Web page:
Unseen at church, at senate, or at court,
Of ever-listless loiterers that attend
No cause, no trust, no duty, and no friend. 340
Thee, too, my Paridel![416] she marked thee there,
Stretch'd on the rack of a too easy chair,
And heard thy everlasting yawn confess
The pains and penalties of idleness.
She pitied! but her pity only shed
Benigner influence on thy nodding head.
But Annius,[417] crafty seer, with ebon wand,
And well-dissembled emerald on his hand,
False as his gems, and canker'd as his coins,
Came, cramm'd with capon, from where Pollio dines. 350
Soft, as the wily fox is seen to creep,
Where bask on sunny banks the simple sheep,
Walk round and round, now prying here, now there,
So he; but pious, whisper'd first his prayer.

'Grant, gracious goddess! grant me still to cheat,[418]
Oh may thy cloud still cover the deceit!
Thy choicer mists on this assembly shed,
But pour them thickest on the noble head.
So shall each youth, assisted by our eyes,
See other Caesars, other Homers rise; 360
Through twilight ages hunt the Athenian fowl,[419]
Which Chalcis gods, and mortals call an owl,
Now see an Attys, now a Cecrops[420] clear,
Nay, Mahomet! the pigeon at thine ear;
Be rich in ancient brass, though not in gold,
And keep his Lares, though his house be sold;
To headless Phoebe his fair bride postpone,
Honour a Syrian prince above his own;
Lord of an Otho, if I vouch it true;
Bless'd in one Niger, till he knows of two.' 370

Mummius[421] o'erheard him; Mummius, fool-renown'd,
Who like his Cheops[422] stinks above the ground,
Fierce as a startled adder, swell'd, and said,
Rattling an ancient sistrum at his head;

'Speak'st thou of Syrian prince?[423] Traitor base!
Mine, goddess! mine is all the hornèd race.
True, he had wit to make their value rise;
From foolish Greeks to steal them was as wise;
More glorious yet, from barbarous hands to keep,
When Sallee rovers chased him on the deep. 380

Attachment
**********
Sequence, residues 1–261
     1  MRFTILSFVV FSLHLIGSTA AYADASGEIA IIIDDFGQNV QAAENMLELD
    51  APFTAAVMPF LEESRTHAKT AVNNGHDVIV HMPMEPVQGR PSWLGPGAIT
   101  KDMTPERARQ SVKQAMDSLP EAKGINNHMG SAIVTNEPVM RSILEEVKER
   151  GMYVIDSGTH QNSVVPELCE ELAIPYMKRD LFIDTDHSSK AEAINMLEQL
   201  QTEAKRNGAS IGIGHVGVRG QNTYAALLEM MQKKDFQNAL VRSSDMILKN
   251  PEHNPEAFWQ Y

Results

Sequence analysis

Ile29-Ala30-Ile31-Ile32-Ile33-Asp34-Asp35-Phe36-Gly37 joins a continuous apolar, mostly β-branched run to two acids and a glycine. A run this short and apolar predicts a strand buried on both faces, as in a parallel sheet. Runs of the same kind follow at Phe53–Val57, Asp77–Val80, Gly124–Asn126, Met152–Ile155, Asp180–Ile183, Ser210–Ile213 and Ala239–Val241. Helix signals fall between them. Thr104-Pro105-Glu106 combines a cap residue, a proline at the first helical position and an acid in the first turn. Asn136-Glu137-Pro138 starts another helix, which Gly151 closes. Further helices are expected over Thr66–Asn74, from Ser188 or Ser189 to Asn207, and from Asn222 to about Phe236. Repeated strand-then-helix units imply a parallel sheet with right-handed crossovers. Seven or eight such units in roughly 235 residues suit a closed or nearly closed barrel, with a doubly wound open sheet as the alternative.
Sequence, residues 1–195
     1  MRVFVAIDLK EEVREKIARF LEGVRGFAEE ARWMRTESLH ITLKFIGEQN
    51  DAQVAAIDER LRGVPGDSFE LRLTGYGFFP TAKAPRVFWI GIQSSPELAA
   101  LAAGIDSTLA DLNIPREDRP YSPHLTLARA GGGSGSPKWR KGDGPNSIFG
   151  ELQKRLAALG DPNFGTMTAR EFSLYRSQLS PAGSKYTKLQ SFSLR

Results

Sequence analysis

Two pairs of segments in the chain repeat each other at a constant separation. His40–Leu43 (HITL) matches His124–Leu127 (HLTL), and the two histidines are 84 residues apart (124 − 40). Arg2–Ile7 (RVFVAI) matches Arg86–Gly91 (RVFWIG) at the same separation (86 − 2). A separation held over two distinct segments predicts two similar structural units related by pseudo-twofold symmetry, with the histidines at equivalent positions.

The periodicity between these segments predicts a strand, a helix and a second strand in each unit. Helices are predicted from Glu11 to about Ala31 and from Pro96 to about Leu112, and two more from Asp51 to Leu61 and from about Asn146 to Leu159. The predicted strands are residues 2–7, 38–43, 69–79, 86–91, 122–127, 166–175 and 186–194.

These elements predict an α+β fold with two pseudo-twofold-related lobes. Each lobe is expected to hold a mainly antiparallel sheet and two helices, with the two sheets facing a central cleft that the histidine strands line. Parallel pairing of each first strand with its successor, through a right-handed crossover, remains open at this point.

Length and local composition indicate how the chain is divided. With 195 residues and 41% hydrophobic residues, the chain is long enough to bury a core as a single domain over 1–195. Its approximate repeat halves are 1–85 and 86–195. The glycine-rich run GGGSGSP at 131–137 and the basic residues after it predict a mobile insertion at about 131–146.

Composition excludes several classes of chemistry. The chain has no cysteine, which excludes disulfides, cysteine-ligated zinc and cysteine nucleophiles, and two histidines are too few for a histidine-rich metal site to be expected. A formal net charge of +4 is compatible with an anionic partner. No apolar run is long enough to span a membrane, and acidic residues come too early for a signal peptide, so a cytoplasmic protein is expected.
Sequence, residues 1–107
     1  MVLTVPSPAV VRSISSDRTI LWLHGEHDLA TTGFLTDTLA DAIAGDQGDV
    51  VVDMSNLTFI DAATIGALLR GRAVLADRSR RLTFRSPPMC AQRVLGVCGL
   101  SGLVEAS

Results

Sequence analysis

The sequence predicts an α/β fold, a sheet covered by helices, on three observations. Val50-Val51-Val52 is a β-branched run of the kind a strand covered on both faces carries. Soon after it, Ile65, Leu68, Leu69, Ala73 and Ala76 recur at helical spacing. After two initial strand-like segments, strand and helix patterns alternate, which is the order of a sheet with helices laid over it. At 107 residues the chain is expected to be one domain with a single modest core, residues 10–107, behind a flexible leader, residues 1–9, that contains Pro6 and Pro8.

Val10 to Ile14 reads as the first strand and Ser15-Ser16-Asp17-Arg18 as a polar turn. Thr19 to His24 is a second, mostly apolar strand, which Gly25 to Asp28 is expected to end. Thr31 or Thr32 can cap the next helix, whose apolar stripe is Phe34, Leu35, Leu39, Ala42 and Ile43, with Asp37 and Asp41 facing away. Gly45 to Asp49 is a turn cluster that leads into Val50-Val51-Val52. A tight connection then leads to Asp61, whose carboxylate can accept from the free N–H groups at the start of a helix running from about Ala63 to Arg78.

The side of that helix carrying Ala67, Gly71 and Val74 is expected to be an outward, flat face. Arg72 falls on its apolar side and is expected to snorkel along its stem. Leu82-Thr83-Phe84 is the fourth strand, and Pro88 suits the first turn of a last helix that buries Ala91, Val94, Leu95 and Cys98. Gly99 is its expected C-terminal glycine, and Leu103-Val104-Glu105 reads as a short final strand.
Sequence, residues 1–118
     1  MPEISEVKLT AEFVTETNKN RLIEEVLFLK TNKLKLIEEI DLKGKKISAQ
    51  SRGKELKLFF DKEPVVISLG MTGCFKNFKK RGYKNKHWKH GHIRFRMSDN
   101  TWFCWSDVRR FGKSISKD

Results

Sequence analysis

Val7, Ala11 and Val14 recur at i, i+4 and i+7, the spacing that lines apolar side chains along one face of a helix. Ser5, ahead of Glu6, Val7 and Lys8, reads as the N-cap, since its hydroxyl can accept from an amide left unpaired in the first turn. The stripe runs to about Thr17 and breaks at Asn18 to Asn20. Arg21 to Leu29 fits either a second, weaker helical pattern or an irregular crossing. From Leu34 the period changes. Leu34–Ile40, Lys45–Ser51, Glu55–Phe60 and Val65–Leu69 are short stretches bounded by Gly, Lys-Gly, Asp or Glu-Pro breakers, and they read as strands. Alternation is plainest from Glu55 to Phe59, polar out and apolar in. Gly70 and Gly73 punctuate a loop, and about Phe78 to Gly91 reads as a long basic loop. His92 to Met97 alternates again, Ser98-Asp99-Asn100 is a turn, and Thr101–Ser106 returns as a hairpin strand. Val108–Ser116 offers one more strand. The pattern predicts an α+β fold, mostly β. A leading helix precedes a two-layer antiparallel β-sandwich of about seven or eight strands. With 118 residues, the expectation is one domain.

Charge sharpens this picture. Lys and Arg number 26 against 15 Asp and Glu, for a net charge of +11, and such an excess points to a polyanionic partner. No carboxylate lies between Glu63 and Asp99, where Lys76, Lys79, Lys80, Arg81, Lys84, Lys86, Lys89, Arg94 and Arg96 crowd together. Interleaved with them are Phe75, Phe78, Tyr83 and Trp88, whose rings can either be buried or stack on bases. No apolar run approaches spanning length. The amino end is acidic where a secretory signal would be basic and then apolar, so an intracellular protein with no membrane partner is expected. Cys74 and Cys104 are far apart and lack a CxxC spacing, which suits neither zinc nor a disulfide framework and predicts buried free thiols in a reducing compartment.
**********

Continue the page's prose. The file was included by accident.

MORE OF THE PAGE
Then, taught by Hermes, and divinely bold,
Down his own throat he risk'd the Grecian gold,
Received each demi-god, with pious care,
Deep in his entrails--I revered them there,
I bought them, shrouded in that Irving shrine,
And, at their second birth, they issue mine.'

'Witness, great Ammon![424] by whose horns I swore,
(Replied soft Annius) this our paunch before
Still bears them, faithful; and that thus I eat,
Is to refund the medals with the meat. 390
To prove me, goddess! clear of all design,
Bid me with Pollio sup, as well as dine:
There all the learn'd shall at the labour stand,
And Douglas[425] lend his soft, obstetric hand.'

The goddess smiling seem'd to give consent;
So back to Pollio, hand in hand, they went.

Then thick as locusts blackening all the ground,
A tribe, with weeds and shells fantastic crown'd,
Each with some wondrous gift approach'd the power,
A nest, a toad, a fungus, or a flower. 400
But far the foremost, two, with earnest zeal,
And aspect ardent, to the throne appeal.

The first thus open'd: 'Hear thy suppliant's call,
Great queen, and common mother of us all!
Fair from its humble bed I rear'd this flower,
Suckled, and cheer'd, with air, and sun, and shower;
Soft on the paper ruff its leaves I spread,
Bright with the gilded button tipp'd its head;
Then throned in glass, and named it Caroline:[426]
Each maid cried, charming! and each youth, divine! 410
Did Nature's pencil ever blend such rays,
Such varied light in one promiscuous blaze?
Now prostrate! dead! behold that Caroline:
No maid cries, charming! and no youth, divine!
And lo, the wretch! whose vile, whose insect lust
Laid this gay daughter of the spring in dust.
Oh, punish him, or to th' Elysian shades
Dismiss my soul, where no carnation fades.'
He ceased, and wept. With innocence of mien,